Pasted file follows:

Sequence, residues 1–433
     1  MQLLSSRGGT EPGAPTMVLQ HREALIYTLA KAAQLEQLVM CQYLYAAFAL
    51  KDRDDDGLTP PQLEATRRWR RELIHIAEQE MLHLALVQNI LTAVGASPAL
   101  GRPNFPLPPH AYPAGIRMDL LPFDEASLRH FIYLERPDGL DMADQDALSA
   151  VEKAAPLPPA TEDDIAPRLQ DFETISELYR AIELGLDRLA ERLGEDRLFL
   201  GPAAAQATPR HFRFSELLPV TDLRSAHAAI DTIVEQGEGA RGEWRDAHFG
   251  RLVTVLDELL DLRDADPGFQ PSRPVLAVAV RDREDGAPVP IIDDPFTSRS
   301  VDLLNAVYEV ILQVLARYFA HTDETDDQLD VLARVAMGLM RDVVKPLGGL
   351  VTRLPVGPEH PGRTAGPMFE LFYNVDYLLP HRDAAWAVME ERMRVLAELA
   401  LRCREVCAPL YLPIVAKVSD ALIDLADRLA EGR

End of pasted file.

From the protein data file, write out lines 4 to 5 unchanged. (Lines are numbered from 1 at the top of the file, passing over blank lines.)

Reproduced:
   101  GRPNFPLPPH AYPAGIRMDL LPFDEASLRH FIYLERPDGL DMADQDALSA
   151  VEKAAPLPPA TEDDIAPRLQ DFETISELYR AIELGLDRLA ERLGEDRLFL